If the rectification costs are relatively minor, say up to a couple of hundred pound, then it might be that you seek to recover the money yourself via the small claim court system.

tdlawyer :

You can do that online at www.moneyclaim.gov.uk

tdlawyer :

The process is relatively informal, and the costs fairly minimal.

Customer:

I will bear that in mind. Thank you.

tdlawyer :

You're welcome.

Customer:

Thank you. I have a plan of action now.

tdlawyer :

It is also possible, if this presents a real and immediate danger, to contact the local authority, which has powers to prosecute landlords in respect of unsafe dwelling houses.

tdlawyer :

This might be another angle that you could consider.

tdlawyer :

The benefit of this approach, is that it will not cost anything, and the landlord risks facing criminal proceedings unless he rectifies the position.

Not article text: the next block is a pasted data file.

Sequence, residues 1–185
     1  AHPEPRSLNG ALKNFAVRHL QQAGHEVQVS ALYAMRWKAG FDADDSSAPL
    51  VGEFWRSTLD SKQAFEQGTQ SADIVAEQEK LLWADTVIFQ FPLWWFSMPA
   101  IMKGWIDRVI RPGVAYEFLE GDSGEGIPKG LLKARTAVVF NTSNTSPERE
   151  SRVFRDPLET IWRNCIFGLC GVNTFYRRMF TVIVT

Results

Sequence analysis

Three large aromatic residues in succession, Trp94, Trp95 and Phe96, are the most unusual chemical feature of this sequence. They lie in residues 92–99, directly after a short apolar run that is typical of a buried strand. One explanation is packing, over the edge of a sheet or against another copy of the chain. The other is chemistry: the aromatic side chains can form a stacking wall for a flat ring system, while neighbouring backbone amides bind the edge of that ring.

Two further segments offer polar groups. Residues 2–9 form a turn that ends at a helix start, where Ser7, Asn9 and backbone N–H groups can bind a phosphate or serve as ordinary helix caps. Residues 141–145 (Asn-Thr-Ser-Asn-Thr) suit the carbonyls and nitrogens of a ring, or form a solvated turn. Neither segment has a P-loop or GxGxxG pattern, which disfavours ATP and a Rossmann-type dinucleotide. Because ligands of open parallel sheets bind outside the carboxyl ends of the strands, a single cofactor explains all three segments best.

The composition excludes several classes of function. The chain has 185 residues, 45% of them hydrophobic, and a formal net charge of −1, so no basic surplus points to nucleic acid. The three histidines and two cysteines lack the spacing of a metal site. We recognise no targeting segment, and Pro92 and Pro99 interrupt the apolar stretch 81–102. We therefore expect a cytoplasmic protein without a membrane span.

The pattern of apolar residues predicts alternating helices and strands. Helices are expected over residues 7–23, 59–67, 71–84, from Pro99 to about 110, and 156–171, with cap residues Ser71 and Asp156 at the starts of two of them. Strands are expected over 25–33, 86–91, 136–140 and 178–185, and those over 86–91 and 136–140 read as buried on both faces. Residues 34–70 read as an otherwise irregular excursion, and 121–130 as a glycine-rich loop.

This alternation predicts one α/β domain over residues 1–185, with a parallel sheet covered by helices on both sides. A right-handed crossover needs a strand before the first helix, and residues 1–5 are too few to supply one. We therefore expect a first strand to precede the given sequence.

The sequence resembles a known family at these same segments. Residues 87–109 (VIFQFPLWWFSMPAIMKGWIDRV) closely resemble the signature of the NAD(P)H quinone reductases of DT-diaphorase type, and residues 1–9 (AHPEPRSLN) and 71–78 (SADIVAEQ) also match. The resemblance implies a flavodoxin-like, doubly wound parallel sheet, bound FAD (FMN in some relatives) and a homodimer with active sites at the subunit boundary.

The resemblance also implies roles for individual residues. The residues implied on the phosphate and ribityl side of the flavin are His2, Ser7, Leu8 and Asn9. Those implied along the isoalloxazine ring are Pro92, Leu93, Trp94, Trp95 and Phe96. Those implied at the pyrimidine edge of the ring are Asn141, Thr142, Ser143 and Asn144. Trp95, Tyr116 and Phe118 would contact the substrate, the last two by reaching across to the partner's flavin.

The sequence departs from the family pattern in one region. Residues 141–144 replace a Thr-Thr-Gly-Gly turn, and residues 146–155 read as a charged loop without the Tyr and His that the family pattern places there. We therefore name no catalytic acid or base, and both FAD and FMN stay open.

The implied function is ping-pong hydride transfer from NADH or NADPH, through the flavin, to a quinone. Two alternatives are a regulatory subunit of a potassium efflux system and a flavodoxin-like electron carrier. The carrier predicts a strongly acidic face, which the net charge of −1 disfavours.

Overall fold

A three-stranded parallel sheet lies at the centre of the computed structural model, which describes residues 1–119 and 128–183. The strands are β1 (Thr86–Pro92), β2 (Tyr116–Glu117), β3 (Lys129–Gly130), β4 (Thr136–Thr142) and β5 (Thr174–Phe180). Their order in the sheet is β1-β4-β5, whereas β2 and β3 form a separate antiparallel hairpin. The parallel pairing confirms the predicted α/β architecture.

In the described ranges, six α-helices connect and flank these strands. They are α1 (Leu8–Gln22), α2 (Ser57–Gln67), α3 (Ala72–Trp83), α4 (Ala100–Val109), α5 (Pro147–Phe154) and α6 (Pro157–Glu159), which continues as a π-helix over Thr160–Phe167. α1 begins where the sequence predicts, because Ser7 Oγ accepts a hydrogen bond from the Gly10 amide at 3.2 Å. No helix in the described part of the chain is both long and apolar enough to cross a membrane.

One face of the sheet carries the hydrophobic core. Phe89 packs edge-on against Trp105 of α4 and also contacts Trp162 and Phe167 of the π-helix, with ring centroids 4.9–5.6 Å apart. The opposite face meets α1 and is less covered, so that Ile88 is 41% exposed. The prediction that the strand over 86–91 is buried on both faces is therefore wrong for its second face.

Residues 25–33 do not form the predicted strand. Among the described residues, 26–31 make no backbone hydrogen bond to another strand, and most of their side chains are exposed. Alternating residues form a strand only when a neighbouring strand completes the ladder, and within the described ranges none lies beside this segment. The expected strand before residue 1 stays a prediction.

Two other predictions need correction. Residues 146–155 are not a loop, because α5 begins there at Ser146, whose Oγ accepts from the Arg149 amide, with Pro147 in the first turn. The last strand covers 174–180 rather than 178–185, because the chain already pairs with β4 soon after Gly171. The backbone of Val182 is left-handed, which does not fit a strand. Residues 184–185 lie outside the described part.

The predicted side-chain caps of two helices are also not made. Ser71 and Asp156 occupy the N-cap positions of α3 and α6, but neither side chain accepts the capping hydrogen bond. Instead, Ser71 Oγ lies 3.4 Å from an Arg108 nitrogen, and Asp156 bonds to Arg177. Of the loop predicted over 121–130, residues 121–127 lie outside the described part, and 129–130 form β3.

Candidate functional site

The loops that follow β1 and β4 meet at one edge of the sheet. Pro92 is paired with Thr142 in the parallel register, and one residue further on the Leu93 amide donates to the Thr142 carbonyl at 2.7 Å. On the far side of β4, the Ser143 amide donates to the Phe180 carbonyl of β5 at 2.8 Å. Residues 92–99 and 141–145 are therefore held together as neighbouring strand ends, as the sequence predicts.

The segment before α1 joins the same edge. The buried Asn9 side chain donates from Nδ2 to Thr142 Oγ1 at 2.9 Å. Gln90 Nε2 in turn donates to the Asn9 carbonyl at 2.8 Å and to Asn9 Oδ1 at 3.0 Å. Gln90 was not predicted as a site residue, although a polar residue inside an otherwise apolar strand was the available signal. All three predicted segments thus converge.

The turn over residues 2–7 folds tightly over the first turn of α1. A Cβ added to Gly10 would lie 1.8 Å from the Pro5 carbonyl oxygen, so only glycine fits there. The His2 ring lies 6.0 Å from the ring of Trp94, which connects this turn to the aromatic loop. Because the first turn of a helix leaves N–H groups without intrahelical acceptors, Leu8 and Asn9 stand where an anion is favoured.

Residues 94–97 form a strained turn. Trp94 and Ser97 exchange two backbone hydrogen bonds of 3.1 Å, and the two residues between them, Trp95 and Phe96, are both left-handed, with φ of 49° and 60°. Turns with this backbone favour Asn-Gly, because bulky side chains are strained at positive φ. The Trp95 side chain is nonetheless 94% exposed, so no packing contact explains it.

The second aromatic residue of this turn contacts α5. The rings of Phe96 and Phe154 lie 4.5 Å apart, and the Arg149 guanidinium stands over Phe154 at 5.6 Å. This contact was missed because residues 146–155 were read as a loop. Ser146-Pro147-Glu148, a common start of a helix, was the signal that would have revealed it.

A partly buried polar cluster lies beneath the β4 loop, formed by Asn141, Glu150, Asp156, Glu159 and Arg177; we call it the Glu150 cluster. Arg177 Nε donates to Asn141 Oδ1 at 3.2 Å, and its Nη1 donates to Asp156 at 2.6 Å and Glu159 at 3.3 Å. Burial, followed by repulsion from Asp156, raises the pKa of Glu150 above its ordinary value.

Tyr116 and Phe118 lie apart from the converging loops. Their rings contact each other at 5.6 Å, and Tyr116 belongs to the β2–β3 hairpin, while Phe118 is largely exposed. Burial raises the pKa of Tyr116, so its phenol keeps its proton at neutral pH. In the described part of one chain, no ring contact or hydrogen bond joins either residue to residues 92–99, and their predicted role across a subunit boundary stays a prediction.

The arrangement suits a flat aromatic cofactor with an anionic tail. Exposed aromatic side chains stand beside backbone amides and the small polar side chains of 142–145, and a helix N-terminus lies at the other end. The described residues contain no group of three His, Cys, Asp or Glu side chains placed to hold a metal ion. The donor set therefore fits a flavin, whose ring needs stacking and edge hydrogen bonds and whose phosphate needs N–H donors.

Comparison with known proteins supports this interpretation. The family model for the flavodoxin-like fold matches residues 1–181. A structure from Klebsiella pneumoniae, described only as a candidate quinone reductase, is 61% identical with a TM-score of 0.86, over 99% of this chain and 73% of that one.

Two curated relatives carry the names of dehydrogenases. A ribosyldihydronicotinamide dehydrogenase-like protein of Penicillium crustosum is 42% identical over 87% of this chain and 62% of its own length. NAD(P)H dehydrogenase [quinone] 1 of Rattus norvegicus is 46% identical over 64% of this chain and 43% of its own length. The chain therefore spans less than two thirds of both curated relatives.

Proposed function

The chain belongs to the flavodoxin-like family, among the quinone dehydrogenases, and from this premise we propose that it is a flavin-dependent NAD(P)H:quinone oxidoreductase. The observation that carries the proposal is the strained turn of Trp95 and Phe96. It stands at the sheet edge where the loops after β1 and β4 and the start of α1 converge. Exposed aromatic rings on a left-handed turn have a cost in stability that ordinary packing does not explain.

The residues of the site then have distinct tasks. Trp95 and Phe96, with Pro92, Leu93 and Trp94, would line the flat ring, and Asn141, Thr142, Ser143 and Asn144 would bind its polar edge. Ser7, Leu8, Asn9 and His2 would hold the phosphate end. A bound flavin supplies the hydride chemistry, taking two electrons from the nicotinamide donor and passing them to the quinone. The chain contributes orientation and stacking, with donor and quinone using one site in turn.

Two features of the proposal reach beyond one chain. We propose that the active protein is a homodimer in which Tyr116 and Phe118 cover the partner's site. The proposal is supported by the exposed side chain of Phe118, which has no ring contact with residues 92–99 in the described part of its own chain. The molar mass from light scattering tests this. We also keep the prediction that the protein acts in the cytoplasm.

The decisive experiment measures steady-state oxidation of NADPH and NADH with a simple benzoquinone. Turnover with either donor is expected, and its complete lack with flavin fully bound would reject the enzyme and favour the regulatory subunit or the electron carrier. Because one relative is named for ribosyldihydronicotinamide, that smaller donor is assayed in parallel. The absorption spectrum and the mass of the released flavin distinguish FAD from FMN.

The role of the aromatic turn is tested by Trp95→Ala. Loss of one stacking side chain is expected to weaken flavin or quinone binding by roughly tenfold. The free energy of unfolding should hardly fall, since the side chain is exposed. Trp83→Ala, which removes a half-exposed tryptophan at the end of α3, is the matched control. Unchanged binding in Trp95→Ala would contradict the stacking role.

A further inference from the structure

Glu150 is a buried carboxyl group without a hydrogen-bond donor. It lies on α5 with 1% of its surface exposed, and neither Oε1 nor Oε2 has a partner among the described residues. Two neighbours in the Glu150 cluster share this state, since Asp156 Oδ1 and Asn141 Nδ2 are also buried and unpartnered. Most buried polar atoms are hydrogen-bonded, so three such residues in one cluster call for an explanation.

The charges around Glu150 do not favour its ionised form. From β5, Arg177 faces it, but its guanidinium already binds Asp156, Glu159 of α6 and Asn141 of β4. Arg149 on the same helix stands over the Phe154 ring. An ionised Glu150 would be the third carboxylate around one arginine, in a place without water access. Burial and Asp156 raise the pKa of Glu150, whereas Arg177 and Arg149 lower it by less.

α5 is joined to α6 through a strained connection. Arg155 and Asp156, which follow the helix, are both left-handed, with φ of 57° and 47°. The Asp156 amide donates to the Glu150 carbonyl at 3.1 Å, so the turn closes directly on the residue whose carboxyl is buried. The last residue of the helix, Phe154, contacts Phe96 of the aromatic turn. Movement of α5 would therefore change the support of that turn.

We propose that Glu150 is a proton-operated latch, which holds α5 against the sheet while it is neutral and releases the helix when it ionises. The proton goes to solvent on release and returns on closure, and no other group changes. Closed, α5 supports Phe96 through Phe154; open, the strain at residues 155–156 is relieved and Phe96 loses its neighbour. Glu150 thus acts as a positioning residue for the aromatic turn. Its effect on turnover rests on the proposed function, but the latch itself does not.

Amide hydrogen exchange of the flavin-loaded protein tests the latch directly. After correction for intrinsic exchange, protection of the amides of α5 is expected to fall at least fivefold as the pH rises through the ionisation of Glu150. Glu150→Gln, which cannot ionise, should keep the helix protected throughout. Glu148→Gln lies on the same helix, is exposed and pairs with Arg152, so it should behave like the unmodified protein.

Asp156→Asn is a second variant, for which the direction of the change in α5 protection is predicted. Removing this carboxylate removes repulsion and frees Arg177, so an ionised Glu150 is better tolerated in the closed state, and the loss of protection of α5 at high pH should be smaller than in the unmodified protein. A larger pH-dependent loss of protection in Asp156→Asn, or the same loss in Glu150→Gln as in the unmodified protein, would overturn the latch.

tdlawyer :

So in some ways, it is preferable to court proceedings, although in reality it can be difficult to persuade the local authority to take effective action against delinquent landlords.

tdlawyer :

Nonetheless, it is certainly worth trying.

Customer:

OK. I will try the "softer" approach initially but will bear all you have said in mind

tdlawyer :

Great. Is there anything else I can assist with?

tdlawyer :

Can I check that you are happy with the standard of service received this evening please?

Customer:

No. That gives me a way forward so I'm happy with that. Yes, I will apply the appropriate positive rating. Thank you.

tdlawyer :

Thank you! :)

tdlawyer and 2 other Law Specialists are ready to help you